Many of us in Texas take our local state politics for granted. After all, our state legislature only meets every two years for a brief 140 calendar days. The men and women we elect to serve as Texas Senators and Representatives are typically average citizens with regular jobs who must take a leave of absence during the months the legislature meets. This keeps our elected representatives from getting too closely involved in Texans lives and business affairs.
Unlike many other states, the Texas Speaker of the House holds a great deal of power in appointing the committee chairs and ultimately controls what bills and issues will come before the House for a vote.
Before the last legislative session, in January 2009, 11 Republicans with a majority of Democrats formed a coalition to oust the staunch conservative Speaker of the House, Tom Craddick. This bipartisan coalition then elected Joe Straus R-San Antonio, a moderate Republican who pledged to not show favoritism to his own party. Speaker Straus stayed true to his word and appointed Democrats and Republicans as powerful committee chairs.
Some will argue that Speaker Straus’ tenure in the 2009 legislative session was quite successful, as the Texas economy has remained strong and the state favorable to business. Others will point out how the Democrat committee chairs, appointed by Speaker Straus, were able to hold critical legislation hostage and ultimately kill important bills without a vote. These bills included ultrasound legislation requiring a woman presenting for an abortion to receive an ultrasound and be offered the opportunity to view the images, and a Voter ID bill requiring Texas voters to show state-issued ID before voting in an election.
For his leadership during the 2009 Legislative session, Speaker Straus received the distinction of being the only Republican in the Texas House to receive a 100% NARAL pro-abortion rating, in addition to being thanked by Planned Parenthood CEO for his “tireless efforts on behalf of Texas women and children during the last legislative session.”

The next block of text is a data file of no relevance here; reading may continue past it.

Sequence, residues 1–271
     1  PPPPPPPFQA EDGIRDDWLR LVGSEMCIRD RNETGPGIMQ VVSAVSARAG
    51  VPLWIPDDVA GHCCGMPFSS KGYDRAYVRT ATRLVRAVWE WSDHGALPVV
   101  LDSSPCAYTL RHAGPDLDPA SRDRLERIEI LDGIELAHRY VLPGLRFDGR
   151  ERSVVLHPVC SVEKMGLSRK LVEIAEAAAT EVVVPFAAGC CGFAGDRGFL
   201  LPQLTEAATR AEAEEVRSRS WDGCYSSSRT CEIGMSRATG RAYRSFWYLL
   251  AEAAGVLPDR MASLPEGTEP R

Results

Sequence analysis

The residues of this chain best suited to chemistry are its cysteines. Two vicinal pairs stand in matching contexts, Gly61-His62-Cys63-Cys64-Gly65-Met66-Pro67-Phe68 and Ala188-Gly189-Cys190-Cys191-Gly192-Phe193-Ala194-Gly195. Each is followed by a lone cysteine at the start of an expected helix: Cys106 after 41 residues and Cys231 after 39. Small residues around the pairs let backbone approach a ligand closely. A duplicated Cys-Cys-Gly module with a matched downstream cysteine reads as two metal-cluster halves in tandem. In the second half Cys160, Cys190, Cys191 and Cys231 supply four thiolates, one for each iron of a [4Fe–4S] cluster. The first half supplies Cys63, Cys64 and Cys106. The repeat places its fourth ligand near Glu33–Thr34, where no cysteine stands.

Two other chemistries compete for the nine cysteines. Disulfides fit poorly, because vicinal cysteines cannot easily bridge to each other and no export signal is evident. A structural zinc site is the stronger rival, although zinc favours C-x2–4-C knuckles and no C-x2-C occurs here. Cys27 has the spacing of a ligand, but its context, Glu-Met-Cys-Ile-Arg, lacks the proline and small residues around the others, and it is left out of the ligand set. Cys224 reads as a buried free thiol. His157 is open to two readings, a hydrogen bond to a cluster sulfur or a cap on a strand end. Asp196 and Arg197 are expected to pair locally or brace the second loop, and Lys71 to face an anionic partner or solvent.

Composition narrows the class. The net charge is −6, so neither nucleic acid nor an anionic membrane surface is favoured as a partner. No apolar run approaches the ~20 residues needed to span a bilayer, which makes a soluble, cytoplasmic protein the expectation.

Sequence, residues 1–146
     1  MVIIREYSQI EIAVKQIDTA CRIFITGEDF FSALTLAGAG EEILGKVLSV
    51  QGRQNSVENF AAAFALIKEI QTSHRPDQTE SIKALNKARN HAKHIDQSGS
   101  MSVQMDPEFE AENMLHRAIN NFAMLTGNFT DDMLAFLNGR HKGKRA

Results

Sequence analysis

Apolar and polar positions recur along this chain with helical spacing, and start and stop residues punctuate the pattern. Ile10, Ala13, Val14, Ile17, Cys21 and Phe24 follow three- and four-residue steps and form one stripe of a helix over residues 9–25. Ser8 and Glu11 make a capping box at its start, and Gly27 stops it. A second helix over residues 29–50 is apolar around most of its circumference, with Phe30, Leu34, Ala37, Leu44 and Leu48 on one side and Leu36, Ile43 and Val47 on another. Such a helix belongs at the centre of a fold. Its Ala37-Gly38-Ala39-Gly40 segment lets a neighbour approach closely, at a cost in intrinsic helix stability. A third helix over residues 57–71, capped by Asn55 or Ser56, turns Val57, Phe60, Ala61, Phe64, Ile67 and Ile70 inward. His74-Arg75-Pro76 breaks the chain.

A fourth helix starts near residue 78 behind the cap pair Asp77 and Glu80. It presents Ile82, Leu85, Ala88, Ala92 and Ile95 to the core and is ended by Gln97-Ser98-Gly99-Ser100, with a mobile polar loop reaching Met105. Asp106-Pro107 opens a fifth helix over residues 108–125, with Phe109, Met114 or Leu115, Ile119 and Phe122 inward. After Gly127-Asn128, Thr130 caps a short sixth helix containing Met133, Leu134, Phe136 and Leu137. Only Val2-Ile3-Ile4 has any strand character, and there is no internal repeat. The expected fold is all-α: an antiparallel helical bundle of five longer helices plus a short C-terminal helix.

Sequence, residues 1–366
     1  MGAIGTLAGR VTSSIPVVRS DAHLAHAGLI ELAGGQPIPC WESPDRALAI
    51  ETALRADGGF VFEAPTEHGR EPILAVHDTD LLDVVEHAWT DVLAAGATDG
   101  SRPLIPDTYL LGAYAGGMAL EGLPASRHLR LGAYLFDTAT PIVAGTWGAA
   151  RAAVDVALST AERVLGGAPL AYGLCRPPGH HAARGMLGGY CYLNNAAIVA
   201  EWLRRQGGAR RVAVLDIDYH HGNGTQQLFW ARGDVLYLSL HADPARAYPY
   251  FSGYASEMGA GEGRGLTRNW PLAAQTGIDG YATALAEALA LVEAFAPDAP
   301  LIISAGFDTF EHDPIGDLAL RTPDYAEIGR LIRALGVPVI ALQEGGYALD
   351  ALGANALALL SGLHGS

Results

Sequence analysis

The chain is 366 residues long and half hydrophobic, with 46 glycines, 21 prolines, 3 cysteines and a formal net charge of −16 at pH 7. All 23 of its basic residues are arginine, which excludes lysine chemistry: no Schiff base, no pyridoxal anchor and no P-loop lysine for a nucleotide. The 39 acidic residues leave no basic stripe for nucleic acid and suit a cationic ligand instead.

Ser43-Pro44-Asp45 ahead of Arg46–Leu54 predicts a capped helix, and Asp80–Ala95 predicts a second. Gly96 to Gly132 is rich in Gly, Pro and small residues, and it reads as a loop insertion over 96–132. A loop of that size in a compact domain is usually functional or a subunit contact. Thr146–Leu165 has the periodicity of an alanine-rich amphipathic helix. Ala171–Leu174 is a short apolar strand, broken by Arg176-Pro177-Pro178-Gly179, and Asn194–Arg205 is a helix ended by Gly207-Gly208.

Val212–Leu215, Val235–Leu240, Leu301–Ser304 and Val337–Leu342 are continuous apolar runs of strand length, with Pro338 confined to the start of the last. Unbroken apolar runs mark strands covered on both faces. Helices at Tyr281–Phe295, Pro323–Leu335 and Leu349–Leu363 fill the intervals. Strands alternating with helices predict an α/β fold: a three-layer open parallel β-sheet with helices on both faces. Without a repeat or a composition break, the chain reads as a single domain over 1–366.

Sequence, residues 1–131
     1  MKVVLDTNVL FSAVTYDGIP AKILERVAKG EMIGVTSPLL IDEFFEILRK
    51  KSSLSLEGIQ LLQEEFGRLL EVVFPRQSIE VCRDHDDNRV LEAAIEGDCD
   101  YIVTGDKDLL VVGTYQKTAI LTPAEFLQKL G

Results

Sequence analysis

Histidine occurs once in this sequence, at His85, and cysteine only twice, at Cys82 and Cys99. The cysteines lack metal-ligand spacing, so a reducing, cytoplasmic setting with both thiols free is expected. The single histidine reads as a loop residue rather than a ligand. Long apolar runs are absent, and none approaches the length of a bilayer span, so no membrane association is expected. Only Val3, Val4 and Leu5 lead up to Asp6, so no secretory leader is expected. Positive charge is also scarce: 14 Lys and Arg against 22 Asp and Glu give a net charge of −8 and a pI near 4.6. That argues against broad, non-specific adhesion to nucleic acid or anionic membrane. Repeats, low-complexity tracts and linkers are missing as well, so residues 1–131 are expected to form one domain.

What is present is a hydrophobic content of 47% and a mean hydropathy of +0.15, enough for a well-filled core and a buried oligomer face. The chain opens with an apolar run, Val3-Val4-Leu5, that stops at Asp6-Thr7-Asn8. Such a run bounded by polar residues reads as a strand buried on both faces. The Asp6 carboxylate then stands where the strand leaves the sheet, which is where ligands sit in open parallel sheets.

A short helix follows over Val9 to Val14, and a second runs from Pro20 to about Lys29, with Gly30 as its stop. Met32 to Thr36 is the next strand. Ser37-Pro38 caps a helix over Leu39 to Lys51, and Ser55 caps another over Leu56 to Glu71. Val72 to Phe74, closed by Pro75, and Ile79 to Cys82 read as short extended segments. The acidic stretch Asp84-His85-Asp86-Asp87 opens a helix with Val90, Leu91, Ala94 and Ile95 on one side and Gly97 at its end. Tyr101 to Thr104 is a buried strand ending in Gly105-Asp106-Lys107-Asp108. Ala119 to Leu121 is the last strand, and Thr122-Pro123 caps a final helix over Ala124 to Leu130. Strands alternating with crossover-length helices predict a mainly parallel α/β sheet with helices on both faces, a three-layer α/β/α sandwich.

Even though Texas faces some tough financial responsibilities during the new legislative session, we must not lose sight of several social issues considered by voters to be important. The March 2010 Republican Primary ballot offered voters an opportunity to indicate their level of support for specific social conservative issues. Republican primary voters in Texas supported the Ultrasound bill with 69% of the vote and overwhelmingly supported the voter photo ID proposition with 93% of the vote. The results of these ballot measures must guide our incoming Republican legislature.
In 2009, Republicans held a four-seat majority over Democrats in the Texas House; however, for the 2011 legislative session Texas voters increased that majority to 48 seats, just shy of a two-thirds majority. Those who argue we need to keep a moderate Republican speaker because he is conservative on fiscal issues are ignoring the will o the voters who spoke loud and clear at the polls in support of candidates who will vote for legislation such as Rep Debbie Riddle’s immigration bill, modeled after the AZ law, a voter ID bill, a bill prohibiting "sanctuary cities" and ultrasound legislation.
It’s time for the Texas GOP to recognize their responsibility to the voters by electing a new Speaker of the House who best represents the interests and views of the caucus and the resounding majority of Texas voters.